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As land prices continue to increase, landfill owners are searching for ways to make better use of the land they have, instead of buying more of it. Not only that, but as urbanisation spreads, there is less and less land to choose from. Landfills are filling up fast, and something needs to give.
The sheer calorific value of some materials fund in landfills such as wood, paper and sewage sludges mean that landfills could be worth digging up. As we continue to deplete non-renewable energy sources, now, more than ever, is the time to think of alternative fuels and reduce the burden on conventional finite sources. In 2009, it was estimated that an immense 750 million Megagrams (or 750 million tonnes!) of sludge could be found in landfills in Germany as up until 2005, nearly half of all municipal sludge was disposed of in landfills. Nowadays, we know that sewage sludge not only can be burned to produce energy but is a valuable resource that can be used in anaerobic digestion to produce biogas and therefore by recovering it, we can ensure this valuable energy source isn’t lost. Not only that but metals, sand, aggregates and other resources are known to have been disposed of over many years. These resources are wasted in the ground and should be recovered.
For many years, our way of life was to ‘get a new one’ and ‘throw the old one out’, not matter how useful the materials it consists of could be. However, across Europe, and many other sustainable countries, the throw-away culture is finally beginning to shift. We see travel vloggers and fashion influencers alike across the globe, raising awareness of environmental problems and the need for more sustainable lifestyles but what’s the use of awareness if we do nothing about it? Reclaiming landfill is one way to ensure that our practices change, along with our mindsets.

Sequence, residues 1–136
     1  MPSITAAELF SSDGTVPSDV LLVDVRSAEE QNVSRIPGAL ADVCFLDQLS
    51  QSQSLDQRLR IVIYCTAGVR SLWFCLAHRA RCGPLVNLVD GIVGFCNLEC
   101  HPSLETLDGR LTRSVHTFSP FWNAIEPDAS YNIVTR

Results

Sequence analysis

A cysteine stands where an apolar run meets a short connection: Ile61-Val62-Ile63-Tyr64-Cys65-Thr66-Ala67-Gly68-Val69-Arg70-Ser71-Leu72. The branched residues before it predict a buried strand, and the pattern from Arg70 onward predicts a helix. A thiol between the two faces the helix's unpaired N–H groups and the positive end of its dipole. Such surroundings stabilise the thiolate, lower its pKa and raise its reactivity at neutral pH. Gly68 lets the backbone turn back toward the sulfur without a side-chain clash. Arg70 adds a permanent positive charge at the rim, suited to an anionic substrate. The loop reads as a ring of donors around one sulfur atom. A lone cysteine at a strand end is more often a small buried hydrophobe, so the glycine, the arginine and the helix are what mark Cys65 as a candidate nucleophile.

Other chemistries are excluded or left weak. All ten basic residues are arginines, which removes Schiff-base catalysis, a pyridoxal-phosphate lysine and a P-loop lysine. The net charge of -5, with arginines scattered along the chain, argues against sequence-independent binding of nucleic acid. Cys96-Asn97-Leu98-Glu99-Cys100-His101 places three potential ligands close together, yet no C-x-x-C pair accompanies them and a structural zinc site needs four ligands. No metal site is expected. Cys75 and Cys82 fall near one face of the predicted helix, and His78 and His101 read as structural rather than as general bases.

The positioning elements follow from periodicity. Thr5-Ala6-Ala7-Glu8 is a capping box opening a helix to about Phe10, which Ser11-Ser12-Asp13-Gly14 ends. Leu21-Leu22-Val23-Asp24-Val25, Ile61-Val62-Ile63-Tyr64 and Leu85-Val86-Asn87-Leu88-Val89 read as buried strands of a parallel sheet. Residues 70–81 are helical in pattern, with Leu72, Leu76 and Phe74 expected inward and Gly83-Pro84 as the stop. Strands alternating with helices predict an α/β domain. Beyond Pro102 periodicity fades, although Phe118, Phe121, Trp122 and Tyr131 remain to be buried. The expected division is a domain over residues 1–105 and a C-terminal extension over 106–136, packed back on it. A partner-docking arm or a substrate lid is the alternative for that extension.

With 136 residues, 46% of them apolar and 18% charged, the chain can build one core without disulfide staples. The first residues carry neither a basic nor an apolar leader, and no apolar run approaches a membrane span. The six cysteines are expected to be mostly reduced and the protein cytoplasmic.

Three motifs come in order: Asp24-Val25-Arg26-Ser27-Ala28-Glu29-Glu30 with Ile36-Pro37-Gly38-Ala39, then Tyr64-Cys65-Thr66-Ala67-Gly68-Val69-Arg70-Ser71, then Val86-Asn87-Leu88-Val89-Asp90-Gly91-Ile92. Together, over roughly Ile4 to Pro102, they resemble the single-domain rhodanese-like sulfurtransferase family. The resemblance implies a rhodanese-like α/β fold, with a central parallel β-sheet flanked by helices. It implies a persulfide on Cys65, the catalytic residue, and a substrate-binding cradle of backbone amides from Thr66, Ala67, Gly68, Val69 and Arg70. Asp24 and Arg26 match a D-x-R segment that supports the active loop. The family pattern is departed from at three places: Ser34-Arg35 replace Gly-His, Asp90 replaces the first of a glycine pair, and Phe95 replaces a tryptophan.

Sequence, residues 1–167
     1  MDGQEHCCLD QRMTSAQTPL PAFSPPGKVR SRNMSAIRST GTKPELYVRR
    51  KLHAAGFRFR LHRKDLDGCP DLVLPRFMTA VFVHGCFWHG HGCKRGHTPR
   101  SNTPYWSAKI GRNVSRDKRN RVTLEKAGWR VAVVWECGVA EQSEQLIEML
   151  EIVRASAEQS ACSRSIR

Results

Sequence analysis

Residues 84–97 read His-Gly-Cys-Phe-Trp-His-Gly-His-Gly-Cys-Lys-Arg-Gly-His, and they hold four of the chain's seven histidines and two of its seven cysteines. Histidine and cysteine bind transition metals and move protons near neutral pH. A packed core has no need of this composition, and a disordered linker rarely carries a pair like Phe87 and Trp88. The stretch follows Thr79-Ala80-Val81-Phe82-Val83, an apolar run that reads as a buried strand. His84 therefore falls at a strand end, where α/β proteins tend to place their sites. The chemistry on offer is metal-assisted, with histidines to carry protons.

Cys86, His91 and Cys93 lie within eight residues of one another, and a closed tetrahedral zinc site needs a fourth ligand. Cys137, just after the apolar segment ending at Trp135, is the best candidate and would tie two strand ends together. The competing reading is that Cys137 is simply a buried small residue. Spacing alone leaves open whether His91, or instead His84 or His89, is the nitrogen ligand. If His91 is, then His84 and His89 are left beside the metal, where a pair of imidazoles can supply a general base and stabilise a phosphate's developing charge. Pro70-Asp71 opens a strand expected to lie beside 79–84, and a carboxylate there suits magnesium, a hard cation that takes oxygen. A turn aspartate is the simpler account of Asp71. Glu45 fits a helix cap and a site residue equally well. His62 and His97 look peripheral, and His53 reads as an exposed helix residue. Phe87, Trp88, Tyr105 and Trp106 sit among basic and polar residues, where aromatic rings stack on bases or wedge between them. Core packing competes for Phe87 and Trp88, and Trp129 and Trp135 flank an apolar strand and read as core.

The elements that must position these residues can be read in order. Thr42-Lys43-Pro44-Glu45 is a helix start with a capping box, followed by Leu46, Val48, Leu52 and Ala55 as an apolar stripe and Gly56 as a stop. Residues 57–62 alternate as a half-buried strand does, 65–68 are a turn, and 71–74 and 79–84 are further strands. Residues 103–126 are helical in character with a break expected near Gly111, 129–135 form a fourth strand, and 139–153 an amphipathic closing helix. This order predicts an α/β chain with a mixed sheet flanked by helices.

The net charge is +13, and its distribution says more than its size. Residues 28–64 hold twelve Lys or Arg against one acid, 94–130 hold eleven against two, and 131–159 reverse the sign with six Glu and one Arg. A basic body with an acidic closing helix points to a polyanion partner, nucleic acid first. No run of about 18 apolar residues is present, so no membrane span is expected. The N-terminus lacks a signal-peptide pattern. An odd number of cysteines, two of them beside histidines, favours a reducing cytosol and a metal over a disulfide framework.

In 2014, BBC reported that minister, Michael Fallon, at the time stated that, in the UK, landfill mining would produce significant energy 'in 15 to 20 years'. It’s our belief that 15-20 years is too late. The need is there now. The technology exists. We shouldn’t wait any longer to reclaim the valuable resources that should have never gone to landfill in the first place.
For more information on CDEnviro’s solutions for landfill reclamation, get in touch at: email@example.com
 Franke, DR. M. and Mocker, Dr. M, (Date Unknown) Resource Potential of Landfill Mining- A National and Regional Evaluation, Petersgasse, Straubing
 Rettenberger, G. (2009): Zukuenftige Nutzung der Deponie als Ressourcenquelle (Prospective usage of landfills as resource) in Flamme, Gallenkemper, Gellenbeck, Bidlingmaier, Kranert, Nelles, Stegmann (Hrsg.): Tagungsband der 11. Muensteraner Abfallwirtschaftstage, Muenster, 10-11 Februar 2009, 101-109